Don't crash the party this holiday season



    BURNABY, BC, Dec. 12 /CNW/ - The BCAA Traffic Safety Foundation is
reminding drivers not to crash the party this holiday season by driving while
impaired - and that means drugs too.
    While alcohol is still the leading cause of impairment when it comes to
driving offenses of this kind, drug impairment, is on the rise.
    A report released last year by The Road Safety Monitor: Drugs and Driving
found among other things that an estimated 520,000 Canadians drove after using
marijuana or hashish in the previous year. According to the Canadian Centre on
Substance Abuse young males are driving under the influence of cannabis as
often as, or more often, than they drive under the influence of alcohol.
    "Most drivers have fortunately changed their attitudes toward drinking
and driving but there appears to be a lack of education toward drugs and
driving," states Allan Lamb, executive director for the BCAA Traffic Safety
Foundation. "Impaired drivers kill 2 people every week on BC roads and I
suspect many of these drivers are impaired by a drug other than alcohol," said
Lamb.
    While tests show that alcohol consumption results in more aggressive
driving behaviours like speeding, drivers who use cannabis are more likely to
drive slowly, are less alert, have problems with time/distance perception, and
exhibit latent braking tendencies - all of which are extremely dangerous
driving behaviours in themselves.
    Impaired driving is not just about alcohol and illicit drugs according to
Cpl. Dave Savoy, Drug Recognition Expert for the Surrey RCMP. "Prescription
tranquilizers and narcotics can have adverse effects on coordination and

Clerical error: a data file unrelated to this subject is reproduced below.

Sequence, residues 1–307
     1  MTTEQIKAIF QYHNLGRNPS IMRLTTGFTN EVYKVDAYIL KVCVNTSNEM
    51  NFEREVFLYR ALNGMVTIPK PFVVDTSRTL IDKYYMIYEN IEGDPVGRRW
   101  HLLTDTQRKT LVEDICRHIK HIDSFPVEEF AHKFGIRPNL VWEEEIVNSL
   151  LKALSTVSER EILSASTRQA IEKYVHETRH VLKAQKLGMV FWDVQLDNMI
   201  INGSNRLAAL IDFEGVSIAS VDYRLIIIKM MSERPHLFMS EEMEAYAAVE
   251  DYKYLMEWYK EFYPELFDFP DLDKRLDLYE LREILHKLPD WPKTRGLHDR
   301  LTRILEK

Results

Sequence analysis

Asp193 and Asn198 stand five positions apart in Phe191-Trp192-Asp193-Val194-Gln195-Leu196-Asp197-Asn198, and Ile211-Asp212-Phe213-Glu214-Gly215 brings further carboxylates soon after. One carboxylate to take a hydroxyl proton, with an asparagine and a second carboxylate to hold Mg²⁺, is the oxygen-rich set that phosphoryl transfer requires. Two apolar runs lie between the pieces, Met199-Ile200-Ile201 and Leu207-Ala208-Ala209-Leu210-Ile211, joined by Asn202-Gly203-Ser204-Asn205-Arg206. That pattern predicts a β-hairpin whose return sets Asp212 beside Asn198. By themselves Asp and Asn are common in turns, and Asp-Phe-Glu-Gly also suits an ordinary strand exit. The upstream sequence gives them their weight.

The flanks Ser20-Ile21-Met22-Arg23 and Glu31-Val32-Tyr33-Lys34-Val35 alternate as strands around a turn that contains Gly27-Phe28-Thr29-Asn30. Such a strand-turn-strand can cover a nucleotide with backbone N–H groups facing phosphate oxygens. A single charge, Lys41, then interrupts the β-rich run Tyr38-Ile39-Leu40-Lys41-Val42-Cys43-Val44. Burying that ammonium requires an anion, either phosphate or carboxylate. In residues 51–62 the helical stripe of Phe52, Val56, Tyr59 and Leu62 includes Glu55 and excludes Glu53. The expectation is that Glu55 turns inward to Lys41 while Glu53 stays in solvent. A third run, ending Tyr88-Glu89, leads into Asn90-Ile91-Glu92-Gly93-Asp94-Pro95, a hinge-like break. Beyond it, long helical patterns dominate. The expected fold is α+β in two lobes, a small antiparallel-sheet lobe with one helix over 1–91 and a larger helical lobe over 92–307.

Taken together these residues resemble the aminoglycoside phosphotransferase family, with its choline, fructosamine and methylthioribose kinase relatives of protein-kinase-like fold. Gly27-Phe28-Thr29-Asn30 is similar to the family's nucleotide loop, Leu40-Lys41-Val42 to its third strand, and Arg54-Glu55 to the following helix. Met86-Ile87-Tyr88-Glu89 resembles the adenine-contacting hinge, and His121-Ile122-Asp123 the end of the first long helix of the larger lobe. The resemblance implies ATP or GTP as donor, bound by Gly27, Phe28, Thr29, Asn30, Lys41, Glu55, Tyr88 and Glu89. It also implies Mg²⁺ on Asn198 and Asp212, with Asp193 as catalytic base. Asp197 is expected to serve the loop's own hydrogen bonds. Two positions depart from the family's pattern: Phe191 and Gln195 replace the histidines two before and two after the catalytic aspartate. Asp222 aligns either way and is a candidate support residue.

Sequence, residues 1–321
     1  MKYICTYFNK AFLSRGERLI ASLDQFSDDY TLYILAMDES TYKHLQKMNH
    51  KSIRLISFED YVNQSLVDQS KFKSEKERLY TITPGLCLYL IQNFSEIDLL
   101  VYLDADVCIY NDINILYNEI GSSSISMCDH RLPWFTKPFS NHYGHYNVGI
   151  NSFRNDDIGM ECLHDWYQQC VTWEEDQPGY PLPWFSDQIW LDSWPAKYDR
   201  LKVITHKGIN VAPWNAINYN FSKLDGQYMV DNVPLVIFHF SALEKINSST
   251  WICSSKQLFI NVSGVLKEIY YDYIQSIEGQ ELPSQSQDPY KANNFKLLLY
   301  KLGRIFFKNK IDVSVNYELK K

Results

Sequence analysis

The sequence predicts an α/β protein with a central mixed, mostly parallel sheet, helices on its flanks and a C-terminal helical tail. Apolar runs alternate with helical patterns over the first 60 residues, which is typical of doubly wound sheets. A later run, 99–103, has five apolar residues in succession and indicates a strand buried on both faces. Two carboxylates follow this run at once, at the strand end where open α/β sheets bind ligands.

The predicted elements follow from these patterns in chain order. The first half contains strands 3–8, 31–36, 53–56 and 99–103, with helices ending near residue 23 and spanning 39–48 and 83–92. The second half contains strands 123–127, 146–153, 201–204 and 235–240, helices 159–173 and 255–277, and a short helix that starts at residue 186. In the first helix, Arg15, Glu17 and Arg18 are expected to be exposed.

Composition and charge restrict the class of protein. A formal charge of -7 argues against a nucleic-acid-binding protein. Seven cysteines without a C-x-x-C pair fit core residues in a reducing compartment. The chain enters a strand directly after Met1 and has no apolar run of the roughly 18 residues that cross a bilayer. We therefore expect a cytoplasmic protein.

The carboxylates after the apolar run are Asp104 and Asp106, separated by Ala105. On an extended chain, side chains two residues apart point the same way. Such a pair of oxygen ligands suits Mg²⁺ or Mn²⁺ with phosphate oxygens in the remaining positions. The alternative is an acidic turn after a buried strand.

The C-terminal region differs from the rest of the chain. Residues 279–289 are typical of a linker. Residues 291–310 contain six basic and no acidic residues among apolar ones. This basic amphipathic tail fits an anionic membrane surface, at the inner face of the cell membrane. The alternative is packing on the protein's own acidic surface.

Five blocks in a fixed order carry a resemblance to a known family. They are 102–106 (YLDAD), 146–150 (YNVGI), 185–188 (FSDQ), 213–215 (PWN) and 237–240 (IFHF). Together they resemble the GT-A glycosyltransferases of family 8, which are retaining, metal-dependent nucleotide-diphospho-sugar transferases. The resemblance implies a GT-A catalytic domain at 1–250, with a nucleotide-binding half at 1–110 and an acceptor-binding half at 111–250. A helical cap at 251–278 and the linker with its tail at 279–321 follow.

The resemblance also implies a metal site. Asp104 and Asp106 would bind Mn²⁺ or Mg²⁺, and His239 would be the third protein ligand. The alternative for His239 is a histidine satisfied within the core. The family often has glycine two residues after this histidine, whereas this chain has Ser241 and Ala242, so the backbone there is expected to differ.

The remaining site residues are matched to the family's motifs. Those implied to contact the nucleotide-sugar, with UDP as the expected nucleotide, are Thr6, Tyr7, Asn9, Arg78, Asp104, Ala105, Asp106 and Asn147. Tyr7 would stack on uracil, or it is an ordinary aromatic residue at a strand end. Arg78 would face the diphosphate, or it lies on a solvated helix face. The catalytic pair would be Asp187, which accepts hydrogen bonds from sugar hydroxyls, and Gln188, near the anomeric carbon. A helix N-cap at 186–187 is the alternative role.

reaction time if not taken accordingly." Savoy adds that, "people may think
that marijuana and prescription medications have a lesser effect on their
ability to operate a motor vehicle safely. The truth is when prescription
drugs are not taken accordingly they are just as, if not more dangerous than
illegal drugs. Depending on the individual, some prescription drugs when
abused, can have the same outward results as someone who is very intoxicated -
sluggish movements and slurred speech for example. The person's ability to
operate a motor vehicle will more than likely be impaired by the prescription
drugs that they are abusing. This is easy to see because when someone is
taking a prescription and they are not getting the desired effect or pain
relief from the dosage that is prescribed, they then increase the dosage on
their own accord, when the body feels that this dosage is not enough they
increase it again and so on until without realizing it they are taking an
impairing level of the prescription medication, and then getting behind the
wheel of a car. A deadly combination."
    Driving is impaired when the ability to do so is affected by any
substance or condition that changes the mood or perception of reality of the
driver. Alcohol or drugs, illicit or prescription, and even fatigue and stress
will impair your driving. A combination of any or all of these things can be
deadly.
    Time is the only thing that reduces the effects drugs and alcohol. The
BCAA Traffic Safety Foundation is asking partygoers not to get behind the
wheel if they have consumed alcohol or drugs.

    
    Note: Backgrounder and Tip Sheet that accompanies this news release
          available at http://www.tsfbcaa.com/content/custompages/news.aspx


                             DRIVE TO SAVE LIVES
                               WWW.BCAATSF.CA
    

    About BCAA Traffic Safety Foundation:

    The BCAA Traffic Safety Foundation (TSF) is a non-profit registered
charity working with families, communities and business partners to reduce the
number and severity of traffic crashes and injuries in B.C. For more
information contact visit www.bcaatsf.ca or call 604-298-5107.

    Available for Interview:

    Allan Lamb, Executive Director for the BCAA Traffic Safety Foundation
    Cpl. Dave Savoy, DRE Surrey RCMP - Traffic Services





For further information:

For further information: Lennea Durant, Media Relations, BCAA Traffic
Safety Foundation, Tel: (604) 875-1182, E-mail: lenneadurant@shaw.ca; Allan
Lamb, Executive Director, BCAA Traffic Safety Foundation, Tel: (604) 297-2151,
(604) 230-6159, E-mail: allan.lamb@tsf-bcaa.com

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BCAA Traffic Safety Foundation

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British Columbia Automobile Association

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